This years Heroes' Day speech probably had more inputs from Prabhakaran than earlier years when the late Anton Balasingham used to draft them. Considering this, the speech brings out the tragic reality that everyone had suspected – Prabhakaran remained as recalcitrant as ever. Unfortunately, this attitude is ingrained in most of the other leaders of the LTTE.

In 2005 Anton Balasingham's comments on Heroes Day speech showed how the LTTE always looked at the world through a prism of conspiracies. "Talking is difficult than fighting. We can directly fight and destroy the enemy and achieve victories. We have done that. But talking is a different type of struggle. There will be mines. There will be entangled network of conspiracies…There will be conspiracies to trap the Tigers to take a different direction from their goal. It is now crystal clear that the Sinhala leaders will never put forward a just resolution to the Tamil national question ... The uncompromising stance of Sinhala chauvinism has left us with no other option but an independent state for the people of Tamil Eelam,'' he said, referring to the Sinhala majority that dominate the government and the military.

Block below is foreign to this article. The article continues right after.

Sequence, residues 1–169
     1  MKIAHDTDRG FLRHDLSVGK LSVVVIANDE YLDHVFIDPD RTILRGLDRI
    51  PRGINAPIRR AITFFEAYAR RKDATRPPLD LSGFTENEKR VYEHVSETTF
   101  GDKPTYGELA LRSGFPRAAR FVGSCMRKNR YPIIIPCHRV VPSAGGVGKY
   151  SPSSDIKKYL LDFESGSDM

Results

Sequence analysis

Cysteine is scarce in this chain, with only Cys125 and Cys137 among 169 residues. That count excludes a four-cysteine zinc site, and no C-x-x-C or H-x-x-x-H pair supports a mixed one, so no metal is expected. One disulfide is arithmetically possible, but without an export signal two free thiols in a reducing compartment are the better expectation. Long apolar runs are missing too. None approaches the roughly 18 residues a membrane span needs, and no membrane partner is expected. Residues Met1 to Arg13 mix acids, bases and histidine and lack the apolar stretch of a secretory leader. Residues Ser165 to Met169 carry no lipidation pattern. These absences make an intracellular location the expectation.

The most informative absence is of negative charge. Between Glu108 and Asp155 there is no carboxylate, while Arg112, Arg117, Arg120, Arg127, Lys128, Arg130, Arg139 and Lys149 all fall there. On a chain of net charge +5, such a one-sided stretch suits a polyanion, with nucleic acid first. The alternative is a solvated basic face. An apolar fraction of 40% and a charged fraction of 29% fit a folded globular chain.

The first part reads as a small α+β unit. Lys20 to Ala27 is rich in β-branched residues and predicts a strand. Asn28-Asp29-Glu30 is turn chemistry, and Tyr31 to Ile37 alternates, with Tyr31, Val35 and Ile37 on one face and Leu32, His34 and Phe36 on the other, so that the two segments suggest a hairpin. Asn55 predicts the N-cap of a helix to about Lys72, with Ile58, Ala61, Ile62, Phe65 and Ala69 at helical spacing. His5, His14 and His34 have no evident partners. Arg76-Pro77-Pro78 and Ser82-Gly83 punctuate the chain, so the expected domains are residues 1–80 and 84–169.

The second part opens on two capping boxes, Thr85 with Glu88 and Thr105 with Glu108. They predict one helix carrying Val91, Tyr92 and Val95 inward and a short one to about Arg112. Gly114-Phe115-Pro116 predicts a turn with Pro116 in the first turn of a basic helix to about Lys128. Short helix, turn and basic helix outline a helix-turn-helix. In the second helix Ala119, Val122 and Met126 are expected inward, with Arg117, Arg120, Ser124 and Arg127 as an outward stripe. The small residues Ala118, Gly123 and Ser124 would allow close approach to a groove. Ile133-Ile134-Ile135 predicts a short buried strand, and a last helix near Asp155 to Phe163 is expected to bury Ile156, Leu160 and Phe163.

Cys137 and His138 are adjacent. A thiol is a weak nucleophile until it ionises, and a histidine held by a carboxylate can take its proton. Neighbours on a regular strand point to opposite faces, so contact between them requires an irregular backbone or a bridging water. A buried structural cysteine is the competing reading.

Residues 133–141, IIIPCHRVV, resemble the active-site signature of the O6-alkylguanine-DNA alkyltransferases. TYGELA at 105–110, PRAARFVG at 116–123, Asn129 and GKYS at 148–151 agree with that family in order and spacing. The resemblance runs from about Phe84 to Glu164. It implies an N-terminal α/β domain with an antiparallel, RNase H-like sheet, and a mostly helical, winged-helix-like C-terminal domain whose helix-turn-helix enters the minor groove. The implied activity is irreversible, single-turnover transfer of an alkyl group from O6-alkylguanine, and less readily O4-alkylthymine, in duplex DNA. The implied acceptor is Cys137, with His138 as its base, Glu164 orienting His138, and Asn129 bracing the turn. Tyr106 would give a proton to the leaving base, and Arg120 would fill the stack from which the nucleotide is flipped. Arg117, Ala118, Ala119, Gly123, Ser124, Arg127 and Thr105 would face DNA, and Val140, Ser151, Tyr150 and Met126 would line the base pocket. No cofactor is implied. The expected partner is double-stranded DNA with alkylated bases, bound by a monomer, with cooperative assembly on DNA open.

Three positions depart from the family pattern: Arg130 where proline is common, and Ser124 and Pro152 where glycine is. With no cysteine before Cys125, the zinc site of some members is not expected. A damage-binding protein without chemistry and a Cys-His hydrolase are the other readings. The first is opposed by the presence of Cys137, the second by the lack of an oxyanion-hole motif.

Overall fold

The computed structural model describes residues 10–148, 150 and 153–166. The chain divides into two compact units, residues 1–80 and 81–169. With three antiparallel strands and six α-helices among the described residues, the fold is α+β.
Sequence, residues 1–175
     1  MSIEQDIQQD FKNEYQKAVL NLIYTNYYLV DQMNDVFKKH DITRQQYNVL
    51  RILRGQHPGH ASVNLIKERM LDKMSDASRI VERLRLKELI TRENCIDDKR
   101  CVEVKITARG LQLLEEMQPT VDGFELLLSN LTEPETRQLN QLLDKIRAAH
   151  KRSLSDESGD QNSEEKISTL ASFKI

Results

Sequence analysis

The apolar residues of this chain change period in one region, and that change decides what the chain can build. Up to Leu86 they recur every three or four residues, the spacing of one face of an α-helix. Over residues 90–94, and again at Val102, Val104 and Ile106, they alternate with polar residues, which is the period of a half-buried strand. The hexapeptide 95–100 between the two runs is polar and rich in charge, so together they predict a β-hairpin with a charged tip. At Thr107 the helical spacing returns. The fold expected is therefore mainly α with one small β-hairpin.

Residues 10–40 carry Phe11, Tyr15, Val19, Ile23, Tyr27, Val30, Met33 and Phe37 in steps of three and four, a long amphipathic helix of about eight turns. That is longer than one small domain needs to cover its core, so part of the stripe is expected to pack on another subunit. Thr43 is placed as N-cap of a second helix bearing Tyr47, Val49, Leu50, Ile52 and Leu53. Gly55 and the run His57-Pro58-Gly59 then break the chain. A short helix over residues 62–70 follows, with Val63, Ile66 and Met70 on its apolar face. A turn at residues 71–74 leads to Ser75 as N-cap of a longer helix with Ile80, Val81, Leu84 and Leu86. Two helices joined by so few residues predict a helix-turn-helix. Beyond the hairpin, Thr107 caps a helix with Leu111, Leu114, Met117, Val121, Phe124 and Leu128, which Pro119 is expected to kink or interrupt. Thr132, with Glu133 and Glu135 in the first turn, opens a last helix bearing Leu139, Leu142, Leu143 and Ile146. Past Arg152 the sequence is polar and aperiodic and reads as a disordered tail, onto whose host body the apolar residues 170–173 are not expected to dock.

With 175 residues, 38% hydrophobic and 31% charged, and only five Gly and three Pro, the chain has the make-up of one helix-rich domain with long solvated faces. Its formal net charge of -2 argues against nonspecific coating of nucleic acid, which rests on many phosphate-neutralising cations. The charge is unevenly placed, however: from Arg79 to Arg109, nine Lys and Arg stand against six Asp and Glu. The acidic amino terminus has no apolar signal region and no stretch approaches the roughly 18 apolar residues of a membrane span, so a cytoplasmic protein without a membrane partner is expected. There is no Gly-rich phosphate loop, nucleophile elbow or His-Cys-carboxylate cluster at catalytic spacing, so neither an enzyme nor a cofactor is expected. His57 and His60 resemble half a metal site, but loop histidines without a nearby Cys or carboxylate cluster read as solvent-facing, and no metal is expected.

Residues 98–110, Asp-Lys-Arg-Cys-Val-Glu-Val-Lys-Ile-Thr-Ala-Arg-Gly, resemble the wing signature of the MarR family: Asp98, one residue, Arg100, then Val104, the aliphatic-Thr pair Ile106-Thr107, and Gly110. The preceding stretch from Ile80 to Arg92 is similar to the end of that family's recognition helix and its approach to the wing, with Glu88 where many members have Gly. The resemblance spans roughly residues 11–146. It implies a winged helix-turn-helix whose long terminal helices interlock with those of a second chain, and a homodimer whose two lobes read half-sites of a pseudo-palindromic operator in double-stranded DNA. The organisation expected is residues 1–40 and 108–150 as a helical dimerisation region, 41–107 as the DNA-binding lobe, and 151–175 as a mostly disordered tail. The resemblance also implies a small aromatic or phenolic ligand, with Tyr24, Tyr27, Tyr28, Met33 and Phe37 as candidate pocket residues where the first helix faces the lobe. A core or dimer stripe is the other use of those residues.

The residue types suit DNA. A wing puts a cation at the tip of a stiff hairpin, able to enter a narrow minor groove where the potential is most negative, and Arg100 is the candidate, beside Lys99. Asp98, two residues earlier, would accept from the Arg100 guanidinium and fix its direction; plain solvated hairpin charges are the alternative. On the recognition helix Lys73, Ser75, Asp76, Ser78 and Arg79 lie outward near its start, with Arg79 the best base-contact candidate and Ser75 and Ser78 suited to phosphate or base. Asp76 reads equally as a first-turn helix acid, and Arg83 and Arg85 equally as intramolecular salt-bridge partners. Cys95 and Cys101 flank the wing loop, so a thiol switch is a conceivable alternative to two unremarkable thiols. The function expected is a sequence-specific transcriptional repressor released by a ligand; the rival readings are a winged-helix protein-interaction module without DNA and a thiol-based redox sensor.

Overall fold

As long as the LTTE continued in this vein, with military victories becoming costlier to earn, the march to death and doomsday would continue. And the LTTE's continued refusal to adapt its approach to a dynamic regional and global situation has only strengthened the military lobbies of Sri Lanka but also had made a mockery of all those who strive for peace in Sri Lanka. In a way it only vindicates what President Rajapaksa has been doing with his war-in-peace strategy. And the woes of the Tamil population caught between the war of the Tigers and the elephant continues.

Col. R Hariharan, a retired Military Intelligence specialist on South Asia, served as the head of intelligence of the Indian Peace Keeping Force in Sri Lanka 1987-90. He is associated with the Chennai Centre for China Studies. He submitted this article for publication in the Asian Tribune.

- Asian Tribune -